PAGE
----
The Health Insurance Portability and Accountability Act (HIPAA) of 1996 was enacted to protect your private information while allowing the transfer of health information to ensure that each individual receives high-quality health care.
What information is protected?
HIPAA protects “all individually identifiable health information held or transmitted by a covered entity or its business associate, in any form of media, whether electronic, paper or oral.”
This information includes demographic data that relates to the individual’s past, present or future physical or mental health. Any information that can identify a patient is protected by law.
It can include
- a patient’s name, social security number, or telephone number
- a medical record
- specific dates such as birth, admission, discharge or death
- the provision of healthcare to an individual
- the payment for health care or billing information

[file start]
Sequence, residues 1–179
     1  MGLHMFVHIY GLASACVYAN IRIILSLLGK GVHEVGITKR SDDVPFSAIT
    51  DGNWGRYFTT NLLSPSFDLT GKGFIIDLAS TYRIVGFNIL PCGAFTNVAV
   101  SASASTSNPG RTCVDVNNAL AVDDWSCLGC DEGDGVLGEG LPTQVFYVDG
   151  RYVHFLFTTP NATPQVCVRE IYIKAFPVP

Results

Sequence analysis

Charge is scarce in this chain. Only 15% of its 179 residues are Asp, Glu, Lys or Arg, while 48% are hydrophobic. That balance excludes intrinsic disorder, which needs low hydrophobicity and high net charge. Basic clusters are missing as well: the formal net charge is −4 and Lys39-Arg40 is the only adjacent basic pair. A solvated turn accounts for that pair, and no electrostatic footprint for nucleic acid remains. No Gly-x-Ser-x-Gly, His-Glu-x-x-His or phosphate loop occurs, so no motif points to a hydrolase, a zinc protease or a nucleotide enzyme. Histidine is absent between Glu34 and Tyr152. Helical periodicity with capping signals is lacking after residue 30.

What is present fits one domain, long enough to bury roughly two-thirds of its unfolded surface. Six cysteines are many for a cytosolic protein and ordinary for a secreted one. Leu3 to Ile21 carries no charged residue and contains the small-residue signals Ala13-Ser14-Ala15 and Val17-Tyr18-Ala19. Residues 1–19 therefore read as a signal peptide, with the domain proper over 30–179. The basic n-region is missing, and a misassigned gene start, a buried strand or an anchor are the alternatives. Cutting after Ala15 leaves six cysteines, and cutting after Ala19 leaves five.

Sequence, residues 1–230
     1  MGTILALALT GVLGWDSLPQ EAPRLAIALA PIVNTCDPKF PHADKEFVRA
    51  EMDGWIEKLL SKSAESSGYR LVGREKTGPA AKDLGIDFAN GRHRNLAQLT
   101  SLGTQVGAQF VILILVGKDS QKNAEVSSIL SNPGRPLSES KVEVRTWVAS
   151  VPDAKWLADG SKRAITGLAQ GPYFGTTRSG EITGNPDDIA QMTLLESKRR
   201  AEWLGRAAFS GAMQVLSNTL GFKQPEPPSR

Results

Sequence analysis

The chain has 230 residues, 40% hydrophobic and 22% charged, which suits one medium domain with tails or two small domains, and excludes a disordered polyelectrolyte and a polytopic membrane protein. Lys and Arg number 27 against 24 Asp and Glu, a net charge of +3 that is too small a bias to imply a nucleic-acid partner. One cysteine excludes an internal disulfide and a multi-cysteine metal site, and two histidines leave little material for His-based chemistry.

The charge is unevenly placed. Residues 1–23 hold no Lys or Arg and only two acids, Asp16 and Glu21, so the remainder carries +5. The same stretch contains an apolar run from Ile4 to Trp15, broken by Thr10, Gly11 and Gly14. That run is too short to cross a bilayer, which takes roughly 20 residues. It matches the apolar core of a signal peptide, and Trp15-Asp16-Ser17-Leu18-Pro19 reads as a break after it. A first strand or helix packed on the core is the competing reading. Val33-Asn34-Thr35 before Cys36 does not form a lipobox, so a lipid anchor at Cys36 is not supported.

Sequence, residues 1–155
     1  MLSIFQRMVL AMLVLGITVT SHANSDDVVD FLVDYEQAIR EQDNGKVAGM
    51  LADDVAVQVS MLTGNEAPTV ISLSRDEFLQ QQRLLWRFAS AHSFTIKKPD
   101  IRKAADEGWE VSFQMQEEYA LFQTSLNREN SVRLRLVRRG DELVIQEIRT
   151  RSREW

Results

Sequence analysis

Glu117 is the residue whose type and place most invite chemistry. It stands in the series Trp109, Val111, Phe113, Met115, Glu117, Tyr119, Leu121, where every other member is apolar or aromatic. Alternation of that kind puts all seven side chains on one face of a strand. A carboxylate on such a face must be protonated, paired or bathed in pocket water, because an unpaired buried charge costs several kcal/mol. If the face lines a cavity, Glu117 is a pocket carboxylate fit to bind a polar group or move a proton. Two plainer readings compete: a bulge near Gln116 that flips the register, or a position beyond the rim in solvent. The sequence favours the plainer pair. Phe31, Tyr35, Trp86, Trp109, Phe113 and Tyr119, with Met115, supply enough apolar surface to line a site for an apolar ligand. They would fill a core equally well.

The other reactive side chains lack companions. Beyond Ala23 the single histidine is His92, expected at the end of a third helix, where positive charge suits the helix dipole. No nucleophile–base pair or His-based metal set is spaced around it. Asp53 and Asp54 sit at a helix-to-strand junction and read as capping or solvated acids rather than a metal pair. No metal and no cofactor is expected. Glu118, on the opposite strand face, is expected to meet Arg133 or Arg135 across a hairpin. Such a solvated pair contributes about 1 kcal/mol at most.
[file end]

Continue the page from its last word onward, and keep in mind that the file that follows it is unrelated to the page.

Where can this information be found?
Identifiable information can be found on computers, laptops, servers, paper files, smartphones, copier and printer memory queues, medical devices and USBs.
Who must comply with HIPAA?
Any person or organization that stores or exchanges individually identifiable health information electronically is required to comply with HIPAA such as a health care provider and their suppliers and vendors.
What are my rights as a patient?
Not only does HIPAA protect your privacy, but it also gives you the right to look at and obtain a copy of your health records. You also have the right to request corrections to your records.
What are my rights as an employee?
In most cases, HIPAA does not apply to the actions of an employer. The Privacy Rule does not protect your employment records, even if the information in those records is related to your health. Your employer can ask you for a doctor’s note or other details if they need the information for sick leave, workers’ compensation, wellness programs or health insurance. If your employer asks your health care provider directly for the information, it cannot be provided without your authorization, unless other laws require action.
HIPAA protects the confidentiality and privacy of patient records and other patient identifiable information in any form. The Department of Health and Human Services enforces the Privacy Rule. If you believe that your information was shared without your consent, contact your lawyer for assistance with your case.